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Flying With A Child? TSA Screening Is & Should Be Required – Get Over It!

March 23, 2012

This past week there has been a lot of buzz on the internet about a video from 2010 that depicts a TSA agent patting down a 3-year-old boy in a wheelchair with casts on his legs.

As a mother of a 3-year-old boy who has a passport that has been used internationally and more frequent flyer miles on United than a lot of adults rack up in a lifetime, I pose a simple question….what is the big deal?  I just flew with my son to NYC and back last weekend and he went through security just like I did. Of course he did not have to take his shoes off like I did but I made him take off his sweatshirt and follow all the other rule.  The only reason I did not take his shoes off was because I was on my own with him and being lazy 🙂

During the entire process, I explained to him that we had to go through security so no one brings anything dangerous on board that they are not supposed to. Whether I think the TSA is actually effective is irrelevant so long as they behave within the guidelines that established their organizations which, as far as I can tell, they do. Personally, I think we should operate a system like they do in Israel and I do not have issues with profiling. I say that being half Colombian and I get profiled every time I fly out of Bogotá and all I am bringing back is Cumin and Coffee!  Our govt made the decision to set this organization up and TSA employees are only doing what they are told so I obey the rules without giving them grief and teach my son to do the same.  

As we went through security, I explained to him that while he did not need to take his shoes off, I did (because mine are bigger) and that he would have to walk through the x-ray ahead of me but I would be right behind him.  He thought all the technology was neat because I made it fun and approached it like a game, asking him to help me and joking about putting him in a bin and sending him through the luggage x-ray machine 🙂  He even wanted to know why he could not go through the backscatter machine and I told him he was to small but if he ate healthy food he would grow tall and be able to go through it.  I also told him there was no way he would be able to stand still, at which point he proceeded to imitate the man who was in it, assuming and holding the position!  When he was briefly hesitant to go through the x-ray machine without me I encouraged him as did the professional and kind TSA agent (this happened in both directions and both TSA employees were nothing but kind and reassuring to him).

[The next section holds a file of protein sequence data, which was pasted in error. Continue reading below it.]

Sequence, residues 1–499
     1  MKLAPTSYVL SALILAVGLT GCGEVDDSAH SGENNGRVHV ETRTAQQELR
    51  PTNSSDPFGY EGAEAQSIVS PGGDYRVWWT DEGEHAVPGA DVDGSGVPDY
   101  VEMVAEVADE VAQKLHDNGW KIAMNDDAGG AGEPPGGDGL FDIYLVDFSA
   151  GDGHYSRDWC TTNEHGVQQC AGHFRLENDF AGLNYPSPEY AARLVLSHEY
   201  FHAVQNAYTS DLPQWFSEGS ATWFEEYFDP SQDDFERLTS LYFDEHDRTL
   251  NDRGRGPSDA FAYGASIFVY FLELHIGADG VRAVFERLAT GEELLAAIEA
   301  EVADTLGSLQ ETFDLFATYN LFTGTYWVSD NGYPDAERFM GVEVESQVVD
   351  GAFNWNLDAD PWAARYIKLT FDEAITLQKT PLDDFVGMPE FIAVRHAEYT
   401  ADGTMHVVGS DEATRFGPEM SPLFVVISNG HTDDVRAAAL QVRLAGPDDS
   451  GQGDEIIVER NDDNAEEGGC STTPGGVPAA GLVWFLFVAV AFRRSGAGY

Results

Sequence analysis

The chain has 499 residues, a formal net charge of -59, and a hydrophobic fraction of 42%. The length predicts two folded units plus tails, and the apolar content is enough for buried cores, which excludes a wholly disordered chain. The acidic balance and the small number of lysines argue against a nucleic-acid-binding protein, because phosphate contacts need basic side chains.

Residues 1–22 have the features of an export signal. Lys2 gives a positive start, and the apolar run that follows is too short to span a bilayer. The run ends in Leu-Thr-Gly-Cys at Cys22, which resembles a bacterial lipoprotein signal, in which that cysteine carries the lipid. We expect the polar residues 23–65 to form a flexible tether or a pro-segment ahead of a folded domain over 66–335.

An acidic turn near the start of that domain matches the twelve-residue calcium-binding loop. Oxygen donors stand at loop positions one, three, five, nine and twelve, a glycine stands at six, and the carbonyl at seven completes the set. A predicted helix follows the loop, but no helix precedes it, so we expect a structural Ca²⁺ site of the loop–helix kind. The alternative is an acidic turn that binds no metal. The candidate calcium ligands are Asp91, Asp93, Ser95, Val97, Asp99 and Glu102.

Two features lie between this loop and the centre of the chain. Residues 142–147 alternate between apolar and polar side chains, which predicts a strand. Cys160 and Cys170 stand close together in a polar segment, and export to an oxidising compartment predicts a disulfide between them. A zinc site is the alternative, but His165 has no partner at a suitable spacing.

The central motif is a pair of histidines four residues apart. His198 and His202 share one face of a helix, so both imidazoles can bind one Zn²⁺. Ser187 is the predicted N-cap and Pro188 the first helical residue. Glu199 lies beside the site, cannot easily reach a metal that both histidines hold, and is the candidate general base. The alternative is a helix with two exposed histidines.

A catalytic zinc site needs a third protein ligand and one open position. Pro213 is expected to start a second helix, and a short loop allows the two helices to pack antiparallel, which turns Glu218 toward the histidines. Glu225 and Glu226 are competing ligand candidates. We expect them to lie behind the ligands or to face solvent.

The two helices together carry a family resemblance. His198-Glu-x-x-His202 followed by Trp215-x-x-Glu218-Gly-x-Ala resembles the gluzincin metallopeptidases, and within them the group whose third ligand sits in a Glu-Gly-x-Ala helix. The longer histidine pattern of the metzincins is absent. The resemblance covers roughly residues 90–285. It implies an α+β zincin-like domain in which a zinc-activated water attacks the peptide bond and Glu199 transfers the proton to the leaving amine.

What would I have done if he had been pulled aside for additional screening? Simple, I would have complied. I would have stood aside and verbally assured him I was right there but that the people who were with him had my permission to examine him and that there was nothing to worry about.  Heck, I would have danced or sung to him to distract him if he was upset.  I would not have acted stressed but I would have, of course, watched them like a hawk.  I have already told him that if a doctor or someone needs to touch him, so long as mommy or daddy are there and watching it is ok.  Why, because I accept that we live in a new world order and some level of security needs to happen so the masses can be safe. Is this inconvenient and irritating? Of course it is.  Is it better than the alternative, which is a crazy religious zealot turning a child into a bomb and blowing us up….Of course it is!.  

All I can say to parents is that if you want to travel with your kids, accept that this can, and will, happen. Make security a game for them and re-assure them.  The more you make a big deal of it, by getting upset, videotaping it or railing against the rules, the worse it will be for your child.  If you do not think you can do this…..I have a simple solution….DO NOT FLY and if you fly, do not get in a security line in front of me! Personally, I love to drive and I hope you do as well.

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One Comment
  1. Jasmine, I’m with you on the statement “Personally, I think we should operate a system like they do in Israel and I do not have issues with profiling.” While I am not Colombian :), I do have a 7 year old daughter who has to travel in a wheelchair. You’re so right – It’s not about whether the TSA is effective, it’s about the lessons we are teaching our children. I don’t freak out when they pat her down and check her chair… because I know there are people in this world who are not above using an innocent child to blow up a plane. And while I know that we are NOT those people (insert profiling here please!), I tell her the same thing that you tell your son: They need to check everyone who boards the plane in order to keep us all safe. Getting through security is merely part of traveling these days… and in each experience we teach our children life lessons.

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